Georgia & Henry Replogle
Egoism Vol. II. No. 6.
Owing to a number of trifling circumstances EGOISM is unusually late this time. We shall try to do better hereafter or have a better excuse for not doing so.
We wish to call the reader’s attention in particular to Tak Kak’s present article on the “Philosophy of Egoism.” He exposes the fallacy which serves Spencer as a turntable to gain the collectivist track that justifies majority rule and makes his conclusion ordinary republicanism while his premises point straight to Anarchism politically and Egoism ethically.
On the 9th of this month another United States steamer happening to be out of port after dark ran aground and was lost. Her crew knew enough to get ashore and stay about the life-saving station. There is nothing like governmental control where efficiency is not desired. The navy department should send its forces about in regular passenger steamers manned by experienced sailors or the clothes racks may all be drowned.
The first number of the San Francisco “Beacon’s” successor has come to our den. It is now the “Enfant Terrible,” and voices the sentiments of Egoism and philosophical Anarchism. It is published fortnightly, contains four pages somewhat smaller than those of this paper, and is chock full of bright and witty things. The subscription price is 50 cents a year. Address “Enfant Terrible,” 101 Fifteenth street, San Francisco, Calif.
It is reported that Hugh O. Pentecost has adopted the law as a profession. This step was taken it is said to more thoroughly secure the certainty of a livelihood such as his family has been accustomed to. Our good will accompanies his person, and so long as people employ lawyers we hope he will be liberally patronized. This also indicates that Mr. Pentecost has learned that men are justifiable in following their ideals only so far as they can afford such a luxury. Otherwise he would not become a legal limb.
The reason why women are by forceful legislation prohibited from wearing men’s apparel is something we never could understand. The reason for the women struggling to make that, or some other change, is apparent. But now we learn that men are arrested for wearing women’s clothes as well as women for wearing men’s. The editor of the Livermore “Herald” was recently arrested in this City because he was found dressed in women’s garments. On examination he was found to be temporarily deranged in mind. There will be no need of legislating against the adoption of women’s clothes by men, for since it is only crazy men who would think of such a thing they will be cared for otherwise.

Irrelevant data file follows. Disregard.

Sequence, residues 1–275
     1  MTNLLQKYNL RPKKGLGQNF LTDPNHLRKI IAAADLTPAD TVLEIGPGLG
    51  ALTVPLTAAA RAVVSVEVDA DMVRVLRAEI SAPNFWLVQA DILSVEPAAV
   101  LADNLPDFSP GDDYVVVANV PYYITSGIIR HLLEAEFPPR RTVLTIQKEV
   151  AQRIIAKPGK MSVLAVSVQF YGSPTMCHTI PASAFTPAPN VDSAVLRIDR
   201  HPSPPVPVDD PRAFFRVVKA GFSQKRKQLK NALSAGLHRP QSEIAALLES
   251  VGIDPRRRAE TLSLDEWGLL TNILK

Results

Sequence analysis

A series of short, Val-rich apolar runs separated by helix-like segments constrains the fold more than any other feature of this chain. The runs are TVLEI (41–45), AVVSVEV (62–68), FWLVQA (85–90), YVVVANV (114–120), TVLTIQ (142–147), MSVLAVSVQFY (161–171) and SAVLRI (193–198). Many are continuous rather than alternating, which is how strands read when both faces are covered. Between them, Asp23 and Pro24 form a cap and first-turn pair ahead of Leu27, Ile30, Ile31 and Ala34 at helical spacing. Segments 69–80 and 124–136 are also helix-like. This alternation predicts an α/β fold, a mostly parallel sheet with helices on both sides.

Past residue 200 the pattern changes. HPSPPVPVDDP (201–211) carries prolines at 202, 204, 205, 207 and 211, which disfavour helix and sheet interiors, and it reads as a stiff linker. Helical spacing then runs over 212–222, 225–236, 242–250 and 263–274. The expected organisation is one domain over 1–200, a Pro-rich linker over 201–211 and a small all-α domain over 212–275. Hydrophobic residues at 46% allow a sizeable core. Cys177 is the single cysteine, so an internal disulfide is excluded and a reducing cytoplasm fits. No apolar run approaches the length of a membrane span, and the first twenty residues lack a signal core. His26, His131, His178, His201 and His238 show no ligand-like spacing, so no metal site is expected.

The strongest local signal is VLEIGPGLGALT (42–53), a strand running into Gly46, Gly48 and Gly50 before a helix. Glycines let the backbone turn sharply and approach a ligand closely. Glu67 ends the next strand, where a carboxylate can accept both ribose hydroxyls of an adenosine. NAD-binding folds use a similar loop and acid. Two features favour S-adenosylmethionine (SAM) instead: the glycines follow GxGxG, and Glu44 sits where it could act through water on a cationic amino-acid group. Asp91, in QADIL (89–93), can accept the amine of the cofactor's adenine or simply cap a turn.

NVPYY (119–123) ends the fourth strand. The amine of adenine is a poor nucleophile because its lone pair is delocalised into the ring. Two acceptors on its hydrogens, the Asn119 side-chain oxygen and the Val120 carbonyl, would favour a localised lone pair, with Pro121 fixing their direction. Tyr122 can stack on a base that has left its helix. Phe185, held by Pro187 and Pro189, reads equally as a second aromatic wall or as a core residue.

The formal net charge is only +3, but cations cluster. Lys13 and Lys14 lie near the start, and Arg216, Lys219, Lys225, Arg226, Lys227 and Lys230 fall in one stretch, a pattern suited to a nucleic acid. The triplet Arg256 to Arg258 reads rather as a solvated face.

Postmaster Backus of this city a few months ago petitioned the department at Washington to permit an electric plant to be erected for lighting the postoffice but was refused on the grounds of economy. The postoflice and appraisers’ building run up a monthly gas bill of about $700, the bulk of the amount coming from the mail department. An electric plant could be put in at a cost which would be saved in three years’ gas bills. This is another sample of the efficiency of centralized management of local affairs.
The California coyote scalp crop is too big this fall and the governor believes a large part of it has been imported from Arizona and Nevada, and has refused to pay some of the claims until they are further investigated. But we fail to see why he should be so mean about it; he was elected on the Republican ticket, and if reciprocity is a good thing why not take some coyote scalps in exchange for the financial ones which congress has pulled from these states to pump the mud from our harbors or rather from the places at which we want harbors dug.
Several months ago we noted in this paper a case in Oakland of a man being arrested on a charge of vagrancy for living off of and with a woman to whom he was not married. It was then claimed that she was under his psychological influence. He is still confined and she has even joined a holiness band hoping to see him when they go to the jail to hold services, but the jailers interest themselves in the petty tyranny of keeping her from getting near him. It is a longwinded psychological influence under the defeat from which the measly press refers to her as the Chambers female.
In speaking of the refusal by Judge Thomas Paschal of Texas to naturalize a Socialist the “Examiner” of this city says: The doctrines of the abolitionists were much less consistent with the constitution as it existed before the war than those of the Socialists and Anarchists are now, but belief in slavery was not usually made a test of fitness for citizenship at that time. The constitution itself by providing for its own amendment, expressly contemplates legitimate opposition to its provisions. As a general rule men who have intelligence enough to think about public affairs and to form their own opinions are not dangerous citizens, even if their opinions be distasteful to the majority.